Action kicks off in the depths of the telepathic hubber-bubber of Auron, which is Kakrafoon Kappa for the squee girl generation as we hear the babble of disembodied voices discuss fashion, individuality and how that is SO last epoch, girlfriend! We focus on one of the Callys, Arianne, who is on a plane heading towards Westfield shopping centre piloted by a bloke who doesn't sound a BIT like Cally and a computer sounding just like Zen! Despite the amazing powers of telepathic conferencing, Arianne has a mobile phone and it turns out that even on Auron using a phoning on the plane leads to bad shit happening. Westfield is unlikely to be reopening any time soon as Arianne's plane does a respectable 9-11 impression and none of her airhead clone sisters can do a damn thing about it.

The militia immediately cordon off the area rather than doing anything sensible like getting the emergency services in - and Jorden Cally turns up to demand to know why her sista ain't been rescued yet, bee-yotch? Commissioner Van Reich (who sounds just like the pilot but then this IS a planet of clones... ooh, I was right!) is unimpressed with this cheap mafiosi shit and explains the plane has vanished in a ridiculously giant protected forest and thus no one's even found the damn thing yet. As none of the Callys felt Arianne die, there's strong evidence she's alive, so the Commissioner agrees to... do what he's already doing. OK.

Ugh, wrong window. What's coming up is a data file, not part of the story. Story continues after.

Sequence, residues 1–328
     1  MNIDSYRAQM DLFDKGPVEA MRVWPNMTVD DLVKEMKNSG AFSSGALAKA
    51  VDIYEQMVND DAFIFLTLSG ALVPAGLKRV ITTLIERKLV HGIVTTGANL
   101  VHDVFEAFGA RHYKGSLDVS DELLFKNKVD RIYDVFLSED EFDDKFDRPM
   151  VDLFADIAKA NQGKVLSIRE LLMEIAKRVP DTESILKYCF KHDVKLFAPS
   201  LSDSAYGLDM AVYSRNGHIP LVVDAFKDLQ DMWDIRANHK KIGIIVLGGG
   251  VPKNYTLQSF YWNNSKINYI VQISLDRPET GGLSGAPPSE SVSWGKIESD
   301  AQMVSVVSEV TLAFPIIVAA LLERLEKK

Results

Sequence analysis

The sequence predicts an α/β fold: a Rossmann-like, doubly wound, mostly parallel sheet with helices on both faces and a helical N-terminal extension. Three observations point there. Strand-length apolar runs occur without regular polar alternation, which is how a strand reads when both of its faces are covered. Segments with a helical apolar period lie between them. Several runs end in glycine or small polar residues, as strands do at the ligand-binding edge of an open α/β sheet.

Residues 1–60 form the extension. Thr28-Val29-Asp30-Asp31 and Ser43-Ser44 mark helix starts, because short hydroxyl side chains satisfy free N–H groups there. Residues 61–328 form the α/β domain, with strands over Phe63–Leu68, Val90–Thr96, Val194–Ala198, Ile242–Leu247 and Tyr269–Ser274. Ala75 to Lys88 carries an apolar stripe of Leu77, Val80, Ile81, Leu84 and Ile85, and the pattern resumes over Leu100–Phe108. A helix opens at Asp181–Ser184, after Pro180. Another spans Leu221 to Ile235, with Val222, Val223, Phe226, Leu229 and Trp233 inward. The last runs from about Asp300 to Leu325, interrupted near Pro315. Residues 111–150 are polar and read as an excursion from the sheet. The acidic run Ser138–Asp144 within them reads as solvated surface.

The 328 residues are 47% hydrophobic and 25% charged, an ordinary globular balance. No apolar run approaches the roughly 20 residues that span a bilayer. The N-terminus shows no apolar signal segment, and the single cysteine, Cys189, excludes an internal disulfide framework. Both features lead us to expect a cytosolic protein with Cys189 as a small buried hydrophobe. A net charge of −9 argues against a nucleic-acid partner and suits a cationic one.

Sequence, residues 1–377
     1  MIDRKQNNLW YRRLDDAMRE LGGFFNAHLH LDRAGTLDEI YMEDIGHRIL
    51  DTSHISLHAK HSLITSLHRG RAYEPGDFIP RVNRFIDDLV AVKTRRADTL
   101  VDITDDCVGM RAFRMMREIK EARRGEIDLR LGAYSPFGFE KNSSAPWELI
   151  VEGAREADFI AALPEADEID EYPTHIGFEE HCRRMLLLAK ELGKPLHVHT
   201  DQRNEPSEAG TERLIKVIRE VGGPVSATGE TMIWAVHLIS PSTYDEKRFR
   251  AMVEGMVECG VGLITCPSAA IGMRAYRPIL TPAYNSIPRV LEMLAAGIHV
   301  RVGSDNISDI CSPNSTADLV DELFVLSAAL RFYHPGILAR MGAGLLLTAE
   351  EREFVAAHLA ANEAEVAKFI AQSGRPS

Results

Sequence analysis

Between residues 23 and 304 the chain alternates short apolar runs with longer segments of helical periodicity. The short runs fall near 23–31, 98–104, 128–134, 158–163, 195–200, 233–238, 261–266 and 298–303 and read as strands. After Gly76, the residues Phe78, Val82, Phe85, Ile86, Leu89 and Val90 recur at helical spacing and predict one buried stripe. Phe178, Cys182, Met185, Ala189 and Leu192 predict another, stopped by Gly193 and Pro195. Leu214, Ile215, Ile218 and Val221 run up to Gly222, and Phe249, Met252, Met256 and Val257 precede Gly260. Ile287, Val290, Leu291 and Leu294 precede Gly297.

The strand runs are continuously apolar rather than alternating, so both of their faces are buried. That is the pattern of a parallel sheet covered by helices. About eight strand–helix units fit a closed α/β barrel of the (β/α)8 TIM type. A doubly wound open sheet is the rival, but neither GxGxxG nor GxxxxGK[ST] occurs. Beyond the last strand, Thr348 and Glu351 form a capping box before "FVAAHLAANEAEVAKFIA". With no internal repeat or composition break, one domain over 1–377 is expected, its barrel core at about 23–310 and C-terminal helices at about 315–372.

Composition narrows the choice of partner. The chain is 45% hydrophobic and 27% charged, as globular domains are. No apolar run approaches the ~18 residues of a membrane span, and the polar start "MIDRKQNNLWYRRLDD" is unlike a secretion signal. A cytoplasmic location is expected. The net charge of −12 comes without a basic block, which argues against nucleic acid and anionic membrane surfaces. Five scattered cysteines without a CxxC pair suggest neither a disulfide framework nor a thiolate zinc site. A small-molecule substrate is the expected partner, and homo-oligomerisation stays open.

Arianne is indeed alive, but immediately finds herself being attacked by wild green-striped grey six-legged funnel-nosed dogs, but then another Cally, who is actually played by the proper actress. Cally gives Arianne a pep talk and gets her to do the smart thing of "leave the dogs alone" which, amazingly enough, works first time. It turns out that Arianne hasn't met this particular elder sister of hers before, and it's rather odd that this distant relative happens to be in thinking distance. Oooh, could this be the proper B7 Cally after all? She's called "Aunty" in this, which lead me to expect her to be some Big Brother family head honcho, and of course, evil.